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I personnaly prefer: "face" as stated by J. Mitchell. Phonetics are very important as mentioned by: J. Barresi, but in my little experience with team flying, I suggest to the pilot leaders to SPEAK OUT LOUD... :lol: man...I am not only going deaf, :angry: but if you speak the commands for yourself, only, then the other pilots will be half way guessing...??? Huu me and my big mouth... Nothing personal Jim F.-....dig. :rolleyes:

(I guess my best position would be next to the pilot leader, that way, I CAN HEEEAR YOUUU...) :D

Actually John B brought forward first the word "face". I had suggested possibly something more known as "leading edge", despite that I would personally prefer "face".

As for leading a team, I would also be to soft spoken for doing that.

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To be clear, your sentiment is "leading edge left" for all kites to face left?

My problem with this, it's not a literal instruction... Face left is just that, while leading edge doesn't literally specify that you're merely facing your kite a certain way.

The quick command calls MUST be fairly literal, so that newer and intermediate pilots can participate.

I feel very strongly about this, based on my repeated mega flies over the past year, dealing regularly with first-time and inexperienced team fliers.

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I think we also need to add the term "flank" to the manual. It was new to me this last weekend.

We also need "Clockwise".

And we need to decide amongst us English speaking folks and pick one: "counter-clockwise" or "anti-clockwise."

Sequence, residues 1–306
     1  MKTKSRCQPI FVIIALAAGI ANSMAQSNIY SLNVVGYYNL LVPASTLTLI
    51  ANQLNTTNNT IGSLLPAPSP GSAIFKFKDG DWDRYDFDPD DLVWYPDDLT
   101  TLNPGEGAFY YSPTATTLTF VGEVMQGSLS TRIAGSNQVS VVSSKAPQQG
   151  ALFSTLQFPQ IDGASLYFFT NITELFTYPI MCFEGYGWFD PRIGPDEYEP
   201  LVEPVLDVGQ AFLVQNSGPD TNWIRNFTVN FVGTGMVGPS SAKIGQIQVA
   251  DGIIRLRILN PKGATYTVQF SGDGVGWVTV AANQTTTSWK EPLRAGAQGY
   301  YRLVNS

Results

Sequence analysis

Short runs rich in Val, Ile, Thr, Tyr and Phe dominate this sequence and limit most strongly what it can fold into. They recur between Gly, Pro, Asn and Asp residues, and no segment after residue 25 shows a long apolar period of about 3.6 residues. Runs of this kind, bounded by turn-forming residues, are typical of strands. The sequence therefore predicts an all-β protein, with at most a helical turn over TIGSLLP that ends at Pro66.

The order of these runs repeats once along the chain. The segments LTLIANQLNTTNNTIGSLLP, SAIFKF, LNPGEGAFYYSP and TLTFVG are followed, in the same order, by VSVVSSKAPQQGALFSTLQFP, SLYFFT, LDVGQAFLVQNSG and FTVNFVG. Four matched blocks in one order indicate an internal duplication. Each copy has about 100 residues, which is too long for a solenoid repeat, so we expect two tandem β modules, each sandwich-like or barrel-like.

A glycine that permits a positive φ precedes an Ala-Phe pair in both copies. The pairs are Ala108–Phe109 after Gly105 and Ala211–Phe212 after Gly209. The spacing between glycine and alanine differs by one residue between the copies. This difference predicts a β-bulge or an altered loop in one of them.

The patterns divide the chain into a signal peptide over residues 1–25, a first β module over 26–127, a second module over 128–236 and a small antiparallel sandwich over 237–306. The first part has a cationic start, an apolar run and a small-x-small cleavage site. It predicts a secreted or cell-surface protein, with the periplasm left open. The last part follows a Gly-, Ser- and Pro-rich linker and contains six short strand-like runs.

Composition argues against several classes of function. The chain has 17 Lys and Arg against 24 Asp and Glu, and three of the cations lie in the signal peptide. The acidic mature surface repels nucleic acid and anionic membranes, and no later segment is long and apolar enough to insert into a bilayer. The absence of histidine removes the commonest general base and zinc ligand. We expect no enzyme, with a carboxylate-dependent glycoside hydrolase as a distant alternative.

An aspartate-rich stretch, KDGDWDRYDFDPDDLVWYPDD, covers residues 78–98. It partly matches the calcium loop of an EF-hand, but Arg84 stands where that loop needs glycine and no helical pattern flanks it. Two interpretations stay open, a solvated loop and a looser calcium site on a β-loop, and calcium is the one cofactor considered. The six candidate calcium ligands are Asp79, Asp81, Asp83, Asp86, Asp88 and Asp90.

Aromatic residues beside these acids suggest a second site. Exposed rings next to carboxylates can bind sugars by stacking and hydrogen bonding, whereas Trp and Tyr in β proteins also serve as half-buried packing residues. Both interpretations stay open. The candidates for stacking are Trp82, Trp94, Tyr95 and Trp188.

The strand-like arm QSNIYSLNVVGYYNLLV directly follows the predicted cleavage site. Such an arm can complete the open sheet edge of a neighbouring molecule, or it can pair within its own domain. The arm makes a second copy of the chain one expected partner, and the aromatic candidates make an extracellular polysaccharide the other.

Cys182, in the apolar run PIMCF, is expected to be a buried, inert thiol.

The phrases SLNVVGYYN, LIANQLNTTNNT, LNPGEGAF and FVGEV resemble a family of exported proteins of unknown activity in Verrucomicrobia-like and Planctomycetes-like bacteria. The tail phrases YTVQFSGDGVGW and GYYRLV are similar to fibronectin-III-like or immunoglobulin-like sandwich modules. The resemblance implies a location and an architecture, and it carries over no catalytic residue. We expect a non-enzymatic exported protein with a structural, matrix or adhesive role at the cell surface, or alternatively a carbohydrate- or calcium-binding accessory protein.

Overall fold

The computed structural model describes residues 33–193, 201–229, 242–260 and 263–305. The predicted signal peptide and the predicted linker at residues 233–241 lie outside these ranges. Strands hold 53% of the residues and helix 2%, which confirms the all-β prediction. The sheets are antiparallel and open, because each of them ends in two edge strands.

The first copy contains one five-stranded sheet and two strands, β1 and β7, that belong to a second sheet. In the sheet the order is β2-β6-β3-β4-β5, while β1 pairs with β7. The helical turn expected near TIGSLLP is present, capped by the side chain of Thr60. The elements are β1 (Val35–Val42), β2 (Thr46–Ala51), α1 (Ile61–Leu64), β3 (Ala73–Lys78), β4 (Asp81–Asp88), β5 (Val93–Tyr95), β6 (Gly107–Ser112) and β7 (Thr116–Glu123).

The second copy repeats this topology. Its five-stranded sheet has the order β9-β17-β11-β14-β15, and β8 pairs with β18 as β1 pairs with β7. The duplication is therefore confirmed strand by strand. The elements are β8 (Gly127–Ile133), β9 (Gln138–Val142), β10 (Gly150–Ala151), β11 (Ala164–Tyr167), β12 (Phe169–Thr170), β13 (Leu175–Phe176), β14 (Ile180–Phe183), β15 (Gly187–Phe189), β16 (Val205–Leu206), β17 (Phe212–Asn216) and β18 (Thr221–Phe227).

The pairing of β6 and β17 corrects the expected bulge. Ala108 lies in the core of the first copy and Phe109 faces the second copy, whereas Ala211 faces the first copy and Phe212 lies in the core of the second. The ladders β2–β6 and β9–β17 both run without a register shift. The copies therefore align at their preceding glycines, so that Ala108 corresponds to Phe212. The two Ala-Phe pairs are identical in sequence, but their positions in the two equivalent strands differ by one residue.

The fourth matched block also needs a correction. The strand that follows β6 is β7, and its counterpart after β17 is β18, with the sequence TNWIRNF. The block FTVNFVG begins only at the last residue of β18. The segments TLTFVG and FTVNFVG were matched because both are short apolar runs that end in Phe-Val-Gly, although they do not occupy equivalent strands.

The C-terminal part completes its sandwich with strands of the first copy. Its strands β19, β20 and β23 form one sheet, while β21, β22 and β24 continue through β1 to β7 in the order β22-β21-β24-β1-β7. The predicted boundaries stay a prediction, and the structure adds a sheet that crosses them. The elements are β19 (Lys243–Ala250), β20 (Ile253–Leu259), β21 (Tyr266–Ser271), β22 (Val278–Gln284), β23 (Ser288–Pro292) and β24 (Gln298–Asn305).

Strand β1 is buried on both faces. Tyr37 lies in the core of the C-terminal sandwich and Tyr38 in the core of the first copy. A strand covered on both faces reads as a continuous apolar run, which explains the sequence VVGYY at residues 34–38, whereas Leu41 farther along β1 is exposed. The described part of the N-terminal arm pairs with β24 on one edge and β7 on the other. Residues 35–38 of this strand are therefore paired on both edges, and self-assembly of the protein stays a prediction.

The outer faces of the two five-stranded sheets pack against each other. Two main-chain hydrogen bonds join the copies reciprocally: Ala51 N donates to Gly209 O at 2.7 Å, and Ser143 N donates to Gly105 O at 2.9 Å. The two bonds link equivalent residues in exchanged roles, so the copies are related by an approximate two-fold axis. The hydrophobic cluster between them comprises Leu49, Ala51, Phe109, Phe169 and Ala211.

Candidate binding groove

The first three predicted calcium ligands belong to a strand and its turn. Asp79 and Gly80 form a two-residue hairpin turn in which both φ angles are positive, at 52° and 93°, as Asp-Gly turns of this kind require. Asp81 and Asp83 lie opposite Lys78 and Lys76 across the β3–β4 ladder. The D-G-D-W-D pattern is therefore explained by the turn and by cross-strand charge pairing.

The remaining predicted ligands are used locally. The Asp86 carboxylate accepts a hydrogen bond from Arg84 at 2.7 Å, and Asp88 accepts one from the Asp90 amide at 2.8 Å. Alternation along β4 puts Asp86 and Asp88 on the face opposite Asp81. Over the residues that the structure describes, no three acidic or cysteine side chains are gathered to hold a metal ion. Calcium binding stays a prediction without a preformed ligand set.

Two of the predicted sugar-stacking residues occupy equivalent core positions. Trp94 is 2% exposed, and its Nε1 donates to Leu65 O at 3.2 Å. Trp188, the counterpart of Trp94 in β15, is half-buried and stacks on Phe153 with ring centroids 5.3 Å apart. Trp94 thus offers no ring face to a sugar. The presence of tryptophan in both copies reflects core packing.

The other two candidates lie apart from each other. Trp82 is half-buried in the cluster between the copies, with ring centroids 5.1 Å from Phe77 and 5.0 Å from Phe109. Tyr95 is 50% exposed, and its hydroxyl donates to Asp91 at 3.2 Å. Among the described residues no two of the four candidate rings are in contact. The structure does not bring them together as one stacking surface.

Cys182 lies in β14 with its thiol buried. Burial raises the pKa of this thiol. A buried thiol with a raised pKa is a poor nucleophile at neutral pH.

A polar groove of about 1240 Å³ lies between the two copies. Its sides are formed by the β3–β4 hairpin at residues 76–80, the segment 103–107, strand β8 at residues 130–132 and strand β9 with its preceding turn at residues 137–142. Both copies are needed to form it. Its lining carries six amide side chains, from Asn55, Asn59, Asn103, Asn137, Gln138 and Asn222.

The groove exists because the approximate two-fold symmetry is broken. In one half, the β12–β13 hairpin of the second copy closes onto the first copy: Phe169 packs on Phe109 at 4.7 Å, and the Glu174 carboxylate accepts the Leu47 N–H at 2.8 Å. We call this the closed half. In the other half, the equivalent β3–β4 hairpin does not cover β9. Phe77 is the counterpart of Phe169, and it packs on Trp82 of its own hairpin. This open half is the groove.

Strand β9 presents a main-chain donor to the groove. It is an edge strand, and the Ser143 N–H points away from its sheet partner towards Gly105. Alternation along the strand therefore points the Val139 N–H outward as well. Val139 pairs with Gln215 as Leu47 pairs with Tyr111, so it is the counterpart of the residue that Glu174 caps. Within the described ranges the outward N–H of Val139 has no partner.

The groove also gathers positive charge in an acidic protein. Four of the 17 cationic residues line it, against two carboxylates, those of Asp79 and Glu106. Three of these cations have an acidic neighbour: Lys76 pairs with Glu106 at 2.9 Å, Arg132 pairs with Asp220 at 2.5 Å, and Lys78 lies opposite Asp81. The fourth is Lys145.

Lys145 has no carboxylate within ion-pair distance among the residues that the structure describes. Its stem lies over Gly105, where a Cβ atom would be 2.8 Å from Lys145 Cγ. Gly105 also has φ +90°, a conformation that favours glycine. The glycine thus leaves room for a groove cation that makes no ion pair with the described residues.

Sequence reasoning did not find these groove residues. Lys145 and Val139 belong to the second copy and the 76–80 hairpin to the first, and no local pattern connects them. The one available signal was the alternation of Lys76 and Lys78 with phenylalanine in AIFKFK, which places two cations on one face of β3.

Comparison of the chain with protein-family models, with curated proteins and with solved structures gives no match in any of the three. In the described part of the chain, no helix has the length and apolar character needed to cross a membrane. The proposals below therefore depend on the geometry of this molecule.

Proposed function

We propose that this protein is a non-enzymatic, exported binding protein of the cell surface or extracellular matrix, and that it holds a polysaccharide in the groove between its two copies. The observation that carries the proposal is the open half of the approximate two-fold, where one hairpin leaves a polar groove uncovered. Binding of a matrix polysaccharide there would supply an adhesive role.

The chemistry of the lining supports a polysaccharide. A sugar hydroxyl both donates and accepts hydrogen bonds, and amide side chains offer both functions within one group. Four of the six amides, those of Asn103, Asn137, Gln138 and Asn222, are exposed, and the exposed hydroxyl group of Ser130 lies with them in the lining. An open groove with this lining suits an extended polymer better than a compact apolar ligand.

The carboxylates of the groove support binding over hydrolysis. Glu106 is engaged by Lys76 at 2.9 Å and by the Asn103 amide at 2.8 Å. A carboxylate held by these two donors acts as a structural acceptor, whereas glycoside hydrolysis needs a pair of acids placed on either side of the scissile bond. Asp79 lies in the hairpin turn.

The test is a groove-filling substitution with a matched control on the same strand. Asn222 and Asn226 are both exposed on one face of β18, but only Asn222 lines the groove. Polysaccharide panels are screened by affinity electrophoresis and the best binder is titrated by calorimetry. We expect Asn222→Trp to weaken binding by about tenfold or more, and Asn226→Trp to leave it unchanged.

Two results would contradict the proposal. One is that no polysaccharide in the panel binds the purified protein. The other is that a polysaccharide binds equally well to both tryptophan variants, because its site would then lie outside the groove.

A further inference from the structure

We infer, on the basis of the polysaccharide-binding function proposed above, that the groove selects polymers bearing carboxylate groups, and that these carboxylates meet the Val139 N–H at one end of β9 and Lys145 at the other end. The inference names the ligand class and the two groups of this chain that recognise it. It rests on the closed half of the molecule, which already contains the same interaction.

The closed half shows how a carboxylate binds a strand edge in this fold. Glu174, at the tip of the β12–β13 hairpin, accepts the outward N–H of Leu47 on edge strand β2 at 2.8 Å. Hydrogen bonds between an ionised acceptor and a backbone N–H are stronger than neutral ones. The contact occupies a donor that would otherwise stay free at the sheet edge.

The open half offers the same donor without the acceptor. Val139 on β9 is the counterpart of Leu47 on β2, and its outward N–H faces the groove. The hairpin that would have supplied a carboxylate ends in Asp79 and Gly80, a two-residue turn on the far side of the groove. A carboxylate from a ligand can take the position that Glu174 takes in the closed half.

Last weekend, John was calling "anti" which is a good short word. Maybe we should settle on that?

John also often called "fall in" instead of "follow", but I think we should stick with "follow" for international usage as it is easier to translate.

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I'd like to add some more figures to the next addition of the manual. Suggestions from some of our Spanish friends?

They can be simple figures, even ones that are easy to explain on the field. The reason I would like to add them to the manual is to give new groups ideas of things to do. It can be hard to come up with stuff when you are calling. Examples might be mountains and valleys.

It might be good to have a page of ideas. Such as forming a pyramid ( 1 by 2 by 3) and flanking around the sky.

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I think we also need to add the term "flank" to the manual. It was new to me this last weekend.

Agreed.

We also need "Clockwise".

Also agreed. ;)

And we need to decide amongst us English speaking folks and pick one: "counter-clockwise" or "anti-clockwise."

Last weekend, John was calling "anti" which is a good short word. Maybe we should settle on that?

Generally, I'll call "clockwise" or "anti"... Good calls for the manual.

John also often called "fall in" instead of "follow", but I think we should stick with "follow" for international usage as it is easier to translate.

Fair enough. "Fall in" is an old USA team term, but follow is indeed literal, and better for international use.

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I think we also need to add the term "flank" to the manual. It was new to me this last weekend.

We also need "Clockwise".

And we need to decide amongst us English speaking folks and pick one: "counter-clockwise" or "anti-clockwise."

Last weekend, John was calling "anti" which is a good short word. Maybe we should settle on that?

John also often called "fall in" instead of "follow", but I think we should stick with "follow" for international usage as it is easier to translate.

How are you using the word FLANK?

I would go for "anti-clockwise". If I recall right the Brits use it normally and it is probably understood better.

"Fall In" or "Follow"? I do believe "Follow" would be understood quicker. In Europe for example they still have little yellow and black cars(or trucks) with the sign "FOLLOW ME" on the back that they use to guide airplanes around at airports. Most everyone in Europe has flown and has seen them.